There are many proofs for Cauchy's Theorem from group theory, which states that if a prime $p$ divides the order of a finite group $G$, then $\exists g\in G$ of order $p$.

Recently I've encountered an elegant combinatorial proof for this theorem in the abelian case. It is self-contained, and appears in Hecke's "Lectures on the Theory of Algebraic Numbers". It has 3 steps:

  • Assume $p \mid |G|$, where $G=\{g_1,\cdots, g_n\}$. Consider all the product $\prod_{i=1}^{n} g_i^{a_i}$ where $0 \le a_i < \text{ord}(g_i)$.
  • Each element of $G$ appears in this multiset of size $\prod_{i=1}^{n} \text{ord}(g_i)$ an equal amount of times. This is the (only) point where the fact that $G$ is abelian is used.
  • This implies $\prod_{i=1}^{n}\text{ord}(g_i)$ is divisibly by $p$. As $p$ is prime, we deduce $p \mid \text{ord}(g_i)$ for some $1\le i \le n$. Now we take a suitable power of $g_i$. $\blacksquare$

My question is: Can the second step be generalized to the general case? Is it true that the multiset of products $\{ \prod_{i=1}^{n} g_i^{a_i} \mid 0 \le a_i < \text{ord}(g_i) \}$ contains each element of $G$ the same amount of times? Note that there's no "canonical" product $\prod_{i=1}^{n} g_i^{a_i}$ in the non-abelian case - there are several ways to interpret this product (maybe the $g_i$'s come before the $g_j$'s for $i<j$; maybe they interlace), and I don't want to specify the way.

I've read a bit about equations in groups, and haven't seen this kind of exponential problem discussed.

(I am also interested in the origins of this proof, by the way. If some one knows, please drop a comment.)

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    $\begingroup$ I don't think it is realistic to expect a proof exploiting commutativity to carry over to the non-abelian case. When I first learned about groups, they were all abelian (unit groups mod $m$). For the results (i) order of each $g \in G$ divides $|G|$ and (ii) $g^{|G|} = e$ for all $g \in G$, I had learned a proof of (ii) that exploited commutativity and derived (i) from (ii). To prove the same two results for general finite groups, you prove (i) first via cosets and then derive (ii) from (i). At the end of the day you have the same two theorems, but without commutativity new ideas are needed. $\endgroup$ – KConrad May 18 '15 at 20:43
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    $\begingroup$ As a silly comment, an induction on $\lvert G\rvert$ allows one to use this argument to reduce the proof of Cauchy's theorem to the case where $G = [G, G]$. That sort of condition gladdens the heart of a Lie theorist, but I'm not sure that it's so useful for a finite-group theorist. $\endgroup$ – LSpice May 18 '15 at 20:48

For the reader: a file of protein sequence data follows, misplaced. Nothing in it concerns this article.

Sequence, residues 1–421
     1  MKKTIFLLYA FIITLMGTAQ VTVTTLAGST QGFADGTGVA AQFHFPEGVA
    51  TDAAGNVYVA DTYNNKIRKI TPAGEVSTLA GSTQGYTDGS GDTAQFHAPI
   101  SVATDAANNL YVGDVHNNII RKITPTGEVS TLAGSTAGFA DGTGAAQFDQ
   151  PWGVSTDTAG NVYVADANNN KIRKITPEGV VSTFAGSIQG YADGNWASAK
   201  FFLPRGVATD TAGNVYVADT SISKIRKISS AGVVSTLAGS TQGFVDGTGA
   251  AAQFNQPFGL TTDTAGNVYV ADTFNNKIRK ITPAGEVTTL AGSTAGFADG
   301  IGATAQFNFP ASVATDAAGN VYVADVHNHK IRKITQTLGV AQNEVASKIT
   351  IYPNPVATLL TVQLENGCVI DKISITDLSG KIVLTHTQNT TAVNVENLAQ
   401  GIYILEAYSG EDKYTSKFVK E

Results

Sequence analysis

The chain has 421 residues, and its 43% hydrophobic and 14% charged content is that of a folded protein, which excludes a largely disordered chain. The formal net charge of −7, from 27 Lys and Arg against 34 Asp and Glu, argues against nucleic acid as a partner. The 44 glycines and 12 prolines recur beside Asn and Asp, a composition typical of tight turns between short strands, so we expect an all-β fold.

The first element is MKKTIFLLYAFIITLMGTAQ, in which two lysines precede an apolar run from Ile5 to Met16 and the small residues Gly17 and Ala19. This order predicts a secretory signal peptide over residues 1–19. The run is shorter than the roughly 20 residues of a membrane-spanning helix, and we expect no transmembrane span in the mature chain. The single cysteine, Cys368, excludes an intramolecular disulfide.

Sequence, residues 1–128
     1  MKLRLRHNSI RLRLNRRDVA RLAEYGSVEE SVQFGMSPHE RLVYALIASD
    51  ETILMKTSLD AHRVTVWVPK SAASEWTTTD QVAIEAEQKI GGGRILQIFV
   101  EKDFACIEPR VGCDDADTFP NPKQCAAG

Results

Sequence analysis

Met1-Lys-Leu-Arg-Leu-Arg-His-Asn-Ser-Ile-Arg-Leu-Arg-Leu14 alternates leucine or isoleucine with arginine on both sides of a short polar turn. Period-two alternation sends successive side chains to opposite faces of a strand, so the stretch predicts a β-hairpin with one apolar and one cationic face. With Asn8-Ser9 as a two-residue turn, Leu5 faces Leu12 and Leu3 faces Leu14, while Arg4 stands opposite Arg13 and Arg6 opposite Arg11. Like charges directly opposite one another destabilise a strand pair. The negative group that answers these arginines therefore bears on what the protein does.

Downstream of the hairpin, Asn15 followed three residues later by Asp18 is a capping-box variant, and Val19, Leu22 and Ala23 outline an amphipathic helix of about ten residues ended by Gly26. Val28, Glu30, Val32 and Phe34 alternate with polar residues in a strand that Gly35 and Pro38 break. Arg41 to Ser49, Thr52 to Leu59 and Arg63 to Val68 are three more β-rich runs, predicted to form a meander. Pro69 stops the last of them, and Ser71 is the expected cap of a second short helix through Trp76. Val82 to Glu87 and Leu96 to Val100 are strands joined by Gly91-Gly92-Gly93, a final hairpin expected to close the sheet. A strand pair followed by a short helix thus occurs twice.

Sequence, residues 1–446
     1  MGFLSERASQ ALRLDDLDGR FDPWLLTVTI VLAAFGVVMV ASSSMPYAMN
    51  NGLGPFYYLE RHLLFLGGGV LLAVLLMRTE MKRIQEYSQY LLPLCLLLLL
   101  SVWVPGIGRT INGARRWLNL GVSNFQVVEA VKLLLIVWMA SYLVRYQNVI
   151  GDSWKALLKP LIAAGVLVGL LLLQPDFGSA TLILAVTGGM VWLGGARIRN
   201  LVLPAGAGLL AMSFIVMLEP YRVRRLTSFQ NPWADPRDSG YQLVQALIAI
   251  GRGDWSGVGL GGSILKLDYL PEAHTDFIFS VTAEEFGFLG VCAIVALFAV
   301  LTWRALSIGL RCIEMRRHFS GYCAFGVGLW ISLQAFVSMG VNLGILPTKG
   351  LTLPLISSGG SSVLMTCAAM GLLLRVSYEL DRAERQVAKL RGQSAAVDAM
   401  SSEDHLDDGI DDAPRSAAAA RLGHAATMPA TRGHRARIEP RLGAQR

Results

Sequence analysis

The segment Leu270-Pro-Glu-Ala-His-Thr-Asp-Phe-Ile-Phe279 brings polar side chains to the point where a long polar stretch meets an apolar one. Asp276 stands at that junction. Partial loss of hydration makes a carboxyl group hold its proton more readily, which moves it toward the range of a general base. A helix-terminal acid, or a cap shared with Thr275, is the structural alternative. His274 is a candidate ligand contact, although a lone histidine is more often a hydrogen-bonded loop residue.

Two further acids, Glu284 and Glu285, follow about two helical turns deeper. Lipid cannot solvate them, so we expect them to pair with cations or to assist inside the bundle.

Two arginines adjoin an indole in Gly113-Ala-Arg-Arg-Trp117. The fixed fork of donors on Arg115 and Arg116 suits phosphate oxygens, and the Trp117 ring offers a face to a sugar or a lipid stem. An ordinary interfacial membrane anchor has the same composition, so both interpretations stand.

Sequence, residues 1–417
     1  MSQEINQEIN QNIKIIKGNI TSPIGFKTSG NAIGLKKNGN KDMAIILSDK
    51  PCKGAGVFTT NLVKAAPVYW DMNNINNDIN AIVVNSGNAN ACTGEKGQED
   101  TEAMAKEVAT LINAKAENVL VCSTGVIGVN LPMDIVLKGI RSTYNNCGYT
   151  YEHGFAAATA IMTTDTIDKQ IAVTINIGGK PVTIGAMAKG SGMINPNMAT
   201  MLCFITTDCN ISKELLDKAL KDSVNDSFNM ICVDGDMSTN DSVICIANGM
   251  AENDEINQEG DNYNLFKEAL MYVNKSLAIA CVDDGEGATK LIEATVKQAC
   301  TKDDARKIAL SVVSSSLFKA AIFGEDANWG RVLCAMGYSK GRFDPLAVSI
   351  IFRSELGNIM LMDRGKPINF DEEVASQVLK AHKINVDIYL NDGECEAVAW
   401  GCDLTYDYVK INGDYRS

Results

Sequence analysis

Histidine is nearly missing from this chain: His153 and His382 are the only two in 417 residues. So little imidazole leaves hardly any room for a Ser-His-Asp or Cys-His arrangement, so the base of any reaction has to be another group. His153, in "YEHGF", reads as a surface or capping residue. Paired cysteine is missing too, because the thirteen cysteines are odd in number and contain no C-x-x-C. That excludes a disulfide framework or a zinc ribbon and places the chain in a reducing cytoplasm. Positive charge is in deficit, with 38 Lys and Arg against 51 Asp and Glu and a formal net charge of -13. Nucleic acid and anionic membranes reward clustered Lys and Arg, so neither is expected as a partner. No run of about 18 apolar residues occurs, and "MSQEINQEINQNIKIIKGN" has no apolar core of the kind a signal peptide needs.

• $\begingroup$ @KConrad I agree that my question is mathematically awkward, and that there are beautiful proofs for the non-abelian case with new insights. If, by chance, the abelian proof still works, it will be a) a small miracle, and b) deeper than Cauchy's Theorem. I don't want this problem to be solved so we'll have another proof of Cauchy's Thm, I want it to be solved to satisfy my curiosity and my understanding of non-abelian groups. $\endgroup$ – Ofir Gorodetsky May 18 '15 at 20:56
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    $\begingroup$ I presume that you know the proof of Cauchy's Theorem by McKay, which works much the same for Abelian and non-Abelian cases, and is rather similar in spirit: look at ordered p-tuples of group elements $(g_{1},g_{2},\ldots,g_{p}) : g_{1}g_{2}\ldots g_{p} = 1_{G}$. There are $|G|^{p-1}$ such $p$-tuples so a multiple of $p$ when $p$ divides $|G|$. But these are invariant under cycling ( ie the obvious action of $\mathbb{Z}/p\mathbb{Z}$). The fixed points have all "coordinates" equal, but the number is divisible by $p$. But $(1,1,\ldots,1)$ is fixed. So there is another $g$ with $g^{p}=1.$ $\endgroup$ – Geoff Robinson May 18 '15 at 21:15

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